America’s Voice in the Middle East Hangs in the Balance

Fears Over US Government Media Independence as Trump-Appointed Chief Fires Editors

On June 15, President Trump’s pick to head a global network of news agencies funded and operated by the US government started work following a complex a two-year confirmation process in the Senate. By the end of June 17, Michael Pack had kicked off his tenure by firing the widely-respected heads of every division he oversees at the U.S. Agency for Global Media (USAGM) in an afternoon email — including news outlets like Voice of America (VOA) and Middle East Broadcasting (MBN), which runs al-Hurra and Radio Sawa. The purge at the agency by Pack, who was recommended for the post by Stephen K. Bannon, the co-founder of the far-right Breitbart News who later served as senior counselor to Trump, has raised fears that the new CEO will alter the content of the VOA, MBN and their affiliates to promote the Trump administration’s politics in violation of their charter, which says they will remain editorially independent from the U.S. government.


Michael Pack in 2019.

The media agency, created in 1942 to counter Nazi propaganda in countries under German occupation, has served as a significant constituent of soft power and a vital instrument in America’s public diplomacy toolbox. It is intended to represent American ideals to an overseas audience by providing fair and accurate news in 61 languages as an example of the nation's commitment to democracy and freedom of the press.  With a weekly unduplicated global audience of 350 million adults, the USAGM is collectively one of the largest media networks in the world. 29.1 million of those viewers are in the Middle East and North Africa. 


Making use of American soft power with the purpose of promoting its national interest and advancing foreign policy goals has always been a central element of US public diplomacy efforts in the Arab world. Audiences in the region have turned to these agencies that benefit from a "firewall" that is supposed to prevent any US government official from interfering with its reporting, for their independent reporting during moments of uncertainty as well as in their daily news consumption.




The firing of Alberto Miguel Fernandez, head of Middle East Broadcasting has left many disappointed. Fernandez has a 32-year diplomatic career covering the Middle East and Central America and is fluent in Arabic. During his Foreign Service career, he was widely regarded as one of the most knowledgeable and impactful U.S. Foreign Service voices in the Arabic-language media. Since taking over MBN in 2017, Fernandez has been hailed by many for bringing what they saw as balance to Arabic-language outlets Radio Sawa, a radio network that broadcasts music and news 24 hours a day, 7 days a week, with more than 370 newscasts per week and television channel al-Hurra, a network that broadcasts to 22 countries in the Middle East and North Africa via satellite, as well as al-hurra-Iraq Television. Alberto tweeted that he regretted his departure was so “precipitous,” adding, “wish the incoming people at @USAGMgov well. I hope they know what they are doing.”


James K. Glassman, a Republican who was the only person both to chair the government’s global media agency and to serve as Under Secretary of State for Public Diplomacy, told Majalla that while it is impossible at this point to tell how changes put into effect by the new leader of the agency will affect news coverage by MBN and America’s public diplomacy in the region, he is “alarmed and troubled by the initial signs,” adding, “without appointing new network chiefs, Mr. Pack summarily fired the entire senior leadership of the agency, including Alberto Fernandez of MBN, a fluent Arabic speaker who is highly regarded both in Washington and across the region."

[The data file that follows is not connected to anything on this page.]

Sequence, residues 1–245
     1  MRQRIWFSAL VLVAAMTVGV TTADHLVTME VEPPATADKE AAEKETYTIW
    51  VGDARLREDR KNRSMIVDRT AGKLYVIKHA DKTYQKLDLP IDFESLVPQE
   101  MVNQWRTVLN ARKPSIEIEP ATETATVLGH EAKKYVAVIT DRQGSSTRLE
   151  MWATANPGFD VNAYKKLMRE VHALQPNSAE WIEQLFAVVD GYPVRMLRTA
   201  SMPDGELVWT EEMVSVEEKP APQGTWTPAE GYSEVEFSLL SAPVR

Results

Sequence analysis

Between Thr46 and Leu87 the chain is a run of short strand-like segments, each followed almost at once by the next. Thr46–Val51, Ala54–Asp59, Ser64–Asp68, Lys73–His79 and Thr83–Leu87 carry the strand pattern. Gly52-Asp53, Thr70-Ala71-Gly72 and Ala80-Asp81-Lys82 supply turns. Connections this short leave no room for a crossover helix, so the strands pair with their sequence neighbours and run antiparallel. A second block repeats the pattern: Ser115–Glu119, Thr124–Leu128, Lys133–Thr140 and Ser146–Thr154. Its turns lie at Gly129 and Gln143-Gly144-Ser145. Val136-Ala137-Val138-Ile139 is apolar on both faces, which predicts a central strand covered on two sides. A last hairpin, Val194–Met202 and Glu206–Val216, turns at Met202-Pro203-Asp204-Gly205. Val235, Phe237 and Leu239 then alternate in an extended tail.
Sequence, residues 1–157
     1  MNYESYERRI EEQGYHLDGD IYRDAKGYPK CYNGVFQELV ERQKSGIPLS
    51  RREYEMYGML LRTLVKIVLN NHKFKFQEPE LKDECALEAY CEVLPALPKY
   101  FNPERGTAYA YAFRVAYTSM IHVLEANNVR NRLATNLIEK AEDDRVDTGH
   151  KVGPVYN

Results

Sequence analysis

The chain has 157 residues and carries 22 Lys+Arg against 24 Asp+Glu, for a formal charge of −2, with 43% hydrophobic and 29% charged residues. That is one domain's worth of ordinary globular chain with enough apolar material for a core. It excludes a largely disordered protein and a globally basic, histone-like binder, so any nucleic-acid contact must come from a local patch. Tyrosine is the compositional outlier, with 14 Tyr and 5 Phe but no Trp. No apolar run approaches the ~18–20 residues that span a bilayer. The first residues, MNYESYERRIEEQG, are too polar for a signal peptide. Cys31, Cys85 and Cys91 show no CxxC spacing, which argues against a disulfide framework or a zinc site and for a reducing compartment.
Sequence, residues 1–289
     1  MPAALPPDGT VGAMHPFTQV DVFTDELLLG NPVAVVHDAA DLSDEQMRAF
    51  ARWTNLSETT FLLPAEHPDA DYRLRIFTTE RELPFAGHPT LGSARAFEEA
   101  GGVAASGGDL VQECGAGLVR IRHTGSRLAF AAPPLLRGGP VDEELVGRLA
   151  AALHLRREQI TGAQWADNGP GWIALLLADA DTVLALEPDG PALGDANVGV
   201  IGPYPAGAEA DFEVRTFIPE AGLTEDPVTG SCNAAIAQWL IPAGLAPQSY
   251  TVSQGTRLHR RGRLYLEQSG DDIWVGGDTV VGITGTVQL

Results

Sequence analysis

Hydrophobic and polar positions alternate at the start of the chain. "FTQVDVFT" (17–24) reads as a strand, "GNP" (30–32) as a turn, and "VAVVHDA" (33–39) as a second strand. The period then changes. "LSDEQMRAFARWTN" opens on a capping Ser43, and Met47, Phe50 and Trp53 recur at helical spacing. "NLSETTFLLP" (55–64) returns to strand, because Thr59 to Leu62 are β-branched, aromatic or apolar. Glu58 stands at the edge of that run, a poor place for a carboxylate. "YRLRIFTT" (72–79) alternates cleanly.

Alberto Fernandez (MBN)

Robert Satloff, the executive director of The Washington Institute for Near East Policy offered public support for the removed head of MBE: “He has been an exemplary leader - visionary, creative & effective - and our nation’s public diplomacy is better off today for his outstanding contribution,” he wrote on Twitter.


Al-Hurra's first news chief, Mouafac Harb, who was in charge from 2004 to 2006, told Majalla that the channel’s role in the highly competitive Arab media ocean is to promote freedom and democracy through the dissemination of accurate and relevant information about the US and the world In Arabic, “and the cause of freedom and democracy is best served when people are well informed so they can make an enlightened choice,” he said.


While Arab opinion is not uniform, diplomats who have served in the Arab world know that there are many Arabs who are critical of US foreign policy in the region and view it with considerable suspicion. This is in no doubt exacerbated by the longstanding problem of the spread of propaganda and misinformation in the Arab world that the US seeks to counter through media outlets such as al-Hurra.


Harb says that while al-Hurra targets an audience already well-trained in detecting propaganda, he hopes that the new changes in the management of US agency for Global Media “would not stir suspicion and instead try to cement the credibility and objectivity of the outlets.”




Media can become particularly instrumental in opening dialogue and developing trust between states where opportunities for traditional face-to-face diplomacy are limited such as in Iran, where the government bans satellite dishes and online access to international media. VOA Persian and RFE/RL Farda have been able to evade censorship and reach 23.4% of Iranian adults who consume USAGM media weekly.